He has also been a member of the Atlanta Falcons, Oakland Raiders, and New York Giants.
Watkins was a multi-sport star at Helix High School in San Diego, California. He lettered in football, volleyball, soccer, and track; he was the first athlete in 25 years to accomplish that feat at Helix High. As a football player, he earned all-county honors during his junior and senior seasons. His teammates included current NFL starters Reggie Bush and Alex Smith; the team won the 2000 San Diego Section Division II CIF Football championship.
Watkins enrolled at Norfolk State but redshirted during the 2001 season. He transferred to Grossmont (California) Junior College and played in ten games during the 2002 season. As a wide receiver, he finished the season with 11 receptions for 299 yards and 4 touchdowns. However, his greatest contributions to the team came as a placekicker: he made 10 of 11 field goals and 46 of 49 PAT kicks.
In his second season at Grossmont, Watkins elevated his performance as a receiver. He caught 40 passes for 915 yards and 8 touchdowns, leading the Griffins to a 13-1 record and the Foothill Valley Conference championship. At placekicker, he made 12 of 15 field goals and 50 of 51 PAT kicks. He totaled 134 points (combined receiving and kicking)- the highest total in the conference. He was named Region III Offensive Player of the Year for 2003 and received First Team All-American recognition from JC Gridwire and Junior College Athletic Bureau.
Watkins transferred to Brigham Young University in 2004 and immediately earned a starting position at wide receiver. BYU opened up the 2004 season against Notre Dame, and Watkins made an instant impact. His first reception as a Cougar was a spectacular 50-yard catch against double coverage; the play set up a touchdown on BYU’s first possession of the game. Late in the fourth quarter of that game, Watkins made a spectacular 37-yard reception (despite pass interference by the defense); the catch secured a crucial first down for BYU and sealed the Cougars’ 20-17 victory over the Irish.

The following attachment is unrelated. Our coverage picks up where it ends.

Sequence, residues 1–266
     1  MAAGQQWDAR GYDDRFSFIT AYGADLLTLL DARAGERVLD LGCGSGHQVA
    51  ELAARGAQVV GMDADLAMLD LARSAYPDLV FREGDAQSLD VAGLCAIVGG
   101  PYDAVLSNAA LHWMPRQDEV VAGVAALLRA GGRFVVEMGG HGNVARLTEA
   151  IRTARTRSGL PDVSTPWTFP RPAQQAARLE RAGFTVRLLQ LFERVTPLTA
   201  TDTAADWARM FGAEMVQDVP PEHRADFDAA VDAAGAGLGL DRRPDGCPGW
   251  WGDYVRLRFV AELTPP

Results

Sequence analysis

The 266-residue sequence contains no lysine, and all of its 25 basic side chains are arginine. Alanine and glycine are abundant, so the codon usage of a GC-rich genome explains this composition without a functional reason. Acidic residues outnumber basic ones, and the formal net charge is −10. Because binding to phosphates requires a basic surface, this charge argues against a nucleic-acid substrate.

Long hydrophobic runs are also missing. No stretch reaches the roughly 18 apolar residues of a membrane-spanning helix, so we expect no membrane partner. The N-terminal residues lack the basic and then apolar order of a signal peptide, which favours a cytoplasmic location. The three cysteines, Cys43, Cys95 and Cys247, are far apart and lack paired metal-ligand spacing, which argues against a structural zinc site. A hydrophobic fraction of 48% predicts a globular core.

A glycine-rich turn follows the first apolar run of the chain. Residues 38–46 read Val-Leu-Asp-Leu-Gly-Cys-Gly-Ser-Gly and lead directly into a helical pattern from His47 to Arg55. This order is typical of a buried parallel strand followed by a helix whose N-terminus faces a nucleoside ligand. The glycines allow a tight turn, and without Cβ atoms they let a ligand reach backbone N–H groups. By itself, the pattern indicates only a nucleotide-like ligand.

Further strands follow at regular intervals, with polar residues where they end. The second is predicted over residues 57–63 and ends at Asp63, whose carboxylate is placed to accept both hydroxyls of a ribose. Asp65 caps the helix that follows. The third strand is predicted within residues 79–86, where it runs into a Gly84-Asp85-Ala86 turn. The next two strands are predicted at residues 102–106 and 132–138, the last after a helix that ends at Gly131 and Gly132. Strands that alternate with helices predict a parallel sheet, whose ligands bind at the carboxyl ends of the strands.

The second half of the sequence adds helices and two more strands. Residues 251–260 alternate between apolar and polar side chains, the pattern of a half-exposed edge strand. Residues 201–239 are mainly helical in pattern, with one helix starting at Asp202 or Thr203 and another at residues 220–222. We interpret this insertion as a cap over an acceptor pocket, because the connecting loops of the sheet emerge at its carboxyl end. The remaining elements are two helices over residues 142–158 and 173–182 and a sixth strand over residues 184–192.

Watkins gained national media attention with a career best performance against Boise State in the fourth game of the season. The Broncos held Watkins in check during the first half, but he was unstoppable in the second half. He finished with 9 receptions for 211 yards. He caught a 79-yard touchdown pass from John Beck in the third quarter, and added a 52-yard grab in the fourth quarter. BYU lost the game, but Watkins had established himself as a dangerous weapon for the Cougars.
For the season, Watkins totaled 52 receptions for 1,042 yards and 6 touchdowns. He averaged 94.7 receiving yards per game, a Mountain West Conference (MWC) record. He averaged 20.0 yards per reception- impressive enough that Sports Illustrated named him the best deep threat in the nation. For his efforts, Watkins was named First Team All-MWC and Honorable Mention All-American.
Expectations were high for Watkins as he entered his senior season at BYU. However, with a new head coach (Bronco Mendenhall) and a new offensive coordinator (Robert Anae), BYU’s offense relied heavily on shorter passing routes and John Beck threw fewer deep passes to Watkins. Also, with the departure of star freshman receiver Austin Collie, opposing defenses focused their pass coverage schemes directly at Watkins. He was often double-teamed (and sometimes tripled-team); consequently, his statistics declined in the 2005 season. He still finished with respectable numbers: 49 receptions for 678 yards and a team-high 9 touchdowns. His best game of the season was against TCU: he caught 7 passes for 176 yards and 3 touchdowns. Unfortunately, he also dropped three sure touchdowns and fumbled once; BYU lost the game 51-50 in overtime. Watkins ended his college career with a strong showing against California in the Las Vegas Bowl: 5 catches for 93 yards and late fourth-quarter touchdown in BYU’s 35-28 loss.